Would there be increased teenage suicide if children knew that the adults they trusted had absolutely no idea what they were doing?

“Mom, Dad, what were you thinking?”
“That’s the problem, honey, we weren’t.”
“Yeah, sweetums, we’re just as lost as you are.”

And then there’s Tsar Bomba, I mean Czar Putin. “What the hell, dude? Your 19th Century Imperialistic designs on the world are like so out of touch.” And we thought the Orange Dumbass was problematic…

Hoping you’re well and Jessie is well’er,

Here are some pretty flowers.

Dear Mole: Illogical Logic

Hello, Old Friend.

The mountain air is invigorating, the wildlife gives Jesse plenty of critters to chase, and I took my first trip to Burger Boy last week when my niece and her boyfriend came through town. A top notch burger, as expected, but the fries left something to be desired.

There was an episode of the original Star Trek series wherein Spock took charge as commanding officer after Kirk disappeared on some unknown planet inhabited by an aggressive and bloodthirsty man in a silly monster suit creature. As CO, it now falls upon Spock to decide which crew members to beam down to the planet in search of The Cap’n. Of course, he approaches the problem with what he deems to be “pure logic”, yet time and again, those unnamed crewmen lose their lives due to Spock’s inability to factor emotion into his decisions. You see, since the creature itself was potentially guided by emotion and his human shipmates unquestionably so, failure to factor in the possible emotion-driven reactions of all involved wound up killing quite a few very temporary Enterprise denizens whose names you won’t even find on IMDB.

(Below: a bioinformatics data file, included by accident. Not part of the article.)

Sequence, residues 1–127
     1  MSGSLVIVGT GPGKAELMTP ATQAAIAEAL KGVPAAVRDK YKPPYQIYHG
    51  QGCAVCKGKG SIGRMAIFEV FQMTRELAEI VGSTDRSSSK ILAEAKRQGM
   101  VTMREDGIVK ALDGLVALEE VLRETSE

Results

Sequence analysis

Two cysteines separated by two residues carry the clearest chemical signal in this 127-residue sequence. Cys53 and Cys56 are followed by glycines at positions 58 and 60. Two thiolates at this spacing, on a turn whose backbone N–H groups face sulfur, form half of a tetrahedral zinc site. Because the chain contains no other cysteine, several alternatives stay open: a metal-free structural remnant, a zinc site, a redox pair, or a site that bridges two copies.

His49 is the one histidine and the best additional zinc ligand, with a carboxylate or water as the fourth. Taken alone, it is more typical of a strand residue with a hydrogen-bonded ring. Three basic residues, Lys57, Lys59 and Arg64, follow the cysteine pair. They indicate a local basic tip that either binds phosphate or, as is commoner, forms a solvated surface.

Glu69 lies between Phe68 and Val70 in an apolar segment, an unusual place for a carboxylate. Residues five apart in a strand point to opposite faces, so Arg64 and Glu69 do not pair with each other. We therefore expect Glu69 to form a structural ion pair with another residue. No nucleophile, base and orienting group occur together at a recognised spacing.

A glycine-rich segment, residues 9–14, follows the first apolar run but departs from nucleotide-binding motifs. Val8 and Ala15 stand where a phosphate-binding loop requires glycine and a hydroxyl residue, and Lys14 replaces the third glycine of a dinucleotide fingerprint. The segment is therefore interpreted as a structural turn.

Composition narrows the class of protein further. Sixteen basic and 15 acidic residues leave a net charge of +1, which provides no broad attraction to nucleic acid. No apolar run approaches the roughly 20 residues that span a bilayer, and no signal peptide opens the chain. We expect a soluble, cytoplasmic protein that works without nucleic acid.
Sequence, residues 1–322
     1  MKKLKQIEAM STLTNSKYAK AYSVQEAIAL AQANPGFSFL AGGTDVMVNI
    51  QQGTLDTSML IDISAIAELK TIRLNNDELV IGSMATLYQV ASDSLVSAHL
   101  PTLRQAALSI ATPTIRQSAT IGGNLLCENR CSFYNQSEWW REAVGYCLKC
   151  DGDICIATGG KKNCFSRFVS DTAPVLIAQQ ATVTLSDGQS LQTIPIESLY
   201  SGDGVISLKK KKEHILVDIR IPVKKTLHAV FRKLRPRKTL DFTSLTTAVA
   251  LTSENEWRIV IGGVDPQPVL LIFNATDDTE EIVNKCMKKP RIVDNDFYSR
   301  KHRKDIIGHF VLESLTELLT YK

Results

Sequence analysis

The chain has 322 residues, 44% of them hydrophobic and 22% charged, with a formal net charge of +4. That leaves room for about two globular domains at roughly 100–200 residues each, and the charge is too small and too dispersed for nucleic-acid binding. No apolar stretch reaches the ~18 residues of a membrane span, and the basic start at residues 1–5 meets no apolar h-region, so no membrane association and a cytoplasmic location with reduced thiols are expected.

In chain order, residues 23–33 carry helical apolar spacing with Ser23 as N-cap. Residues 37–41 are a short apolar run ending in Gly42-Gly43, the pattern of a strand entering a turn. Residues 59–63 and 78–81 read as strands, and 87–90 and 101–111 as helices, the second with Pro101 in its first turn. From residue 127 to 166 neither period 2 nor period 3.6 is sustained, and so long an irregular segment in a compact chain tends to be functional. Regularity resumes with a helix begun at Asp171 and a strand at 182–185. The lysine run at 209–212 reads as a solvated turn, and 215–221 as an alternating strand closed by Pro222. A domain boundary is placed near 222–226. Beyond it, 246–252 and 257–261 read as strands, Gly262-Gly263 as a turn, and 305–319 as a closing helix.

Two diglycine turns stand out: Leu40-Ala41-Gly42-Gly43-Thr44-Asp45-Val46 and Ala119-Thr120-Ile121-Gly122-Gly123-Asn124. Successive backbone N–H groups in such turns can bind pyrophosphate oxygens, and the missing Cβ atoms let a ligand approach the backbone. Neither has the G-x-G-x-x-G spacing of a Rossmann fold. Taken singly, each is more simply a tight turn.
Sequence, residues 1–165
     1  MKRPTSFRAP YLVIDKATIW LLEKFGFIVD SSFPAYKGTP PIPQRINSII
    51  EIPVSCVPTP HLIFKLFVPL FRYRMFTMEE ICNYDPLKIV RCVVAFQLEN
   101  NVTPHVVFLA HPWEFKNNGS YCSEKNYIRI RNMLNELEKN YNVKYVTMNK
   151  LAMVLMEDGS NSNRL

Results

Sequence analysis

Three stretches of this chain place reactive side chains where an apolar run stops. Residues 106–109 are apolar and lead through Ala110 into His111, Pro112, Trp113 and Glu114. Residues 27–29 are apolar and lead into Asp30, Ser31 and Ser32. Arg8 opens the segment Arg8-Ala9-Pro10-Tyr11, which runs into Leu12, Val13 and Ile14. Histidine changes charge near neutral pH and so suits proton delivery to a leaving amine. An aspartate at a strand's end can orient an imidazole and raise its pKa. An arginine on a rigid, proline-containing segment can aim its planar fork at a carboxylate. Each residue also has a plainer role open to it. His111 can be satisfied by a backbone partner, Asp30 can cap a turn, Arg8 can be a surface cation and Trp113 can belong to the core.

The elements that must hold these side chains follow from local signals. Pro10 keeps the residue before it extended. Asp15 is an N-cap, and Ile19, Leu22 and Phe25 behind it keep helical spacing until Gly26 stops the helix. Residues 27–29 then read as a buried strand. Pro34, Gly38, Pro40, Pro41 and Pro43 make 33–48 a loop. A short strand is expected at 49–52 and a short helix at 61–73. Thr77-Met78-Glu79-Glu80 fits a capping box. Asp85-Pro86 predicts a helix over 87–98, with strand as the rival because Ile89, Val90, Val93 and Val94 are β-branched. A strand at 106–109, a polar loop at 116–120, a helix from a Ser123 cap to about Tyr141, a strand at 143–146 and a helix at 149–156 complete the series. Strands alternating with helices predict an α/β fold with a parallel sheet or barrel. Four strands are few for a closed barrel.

I talk a really good game with the logical, Stoical nonsense, but like anyone and everyone who ever has paid lip-service to this dubious ideal, I’m full of shit. In fact, what is the common impetus for the intellectual “endeavors” of history’s Stoics, logicians, Zen masters, and stone-faced semi-statues? That’s right: an emotional distaste for uncomfortable emotions. By claiming that I don’t experience such emotions or even that they affect me to a lesser degree than they do most people, I am ironically admitting that at some point in the past, I found my own human emotions to be so intense, not to mention anathema to my implausible worldview, that they had to be eradicated (impossible). In this sense, all those years sitting on my ass in front of a shrine of pewter Buddha statues actually represented an emotional outburst, not a pragmatic training of my mind. What’s the difference between the calmness of the “enlightened” mind of the Dalai Lama, for instance, and the defeated stillness of Al Bundy? Very little. One of them actually believes he’s doing something important while the other believes quite the opposite, but the end result is more similar than any of us would like to admit.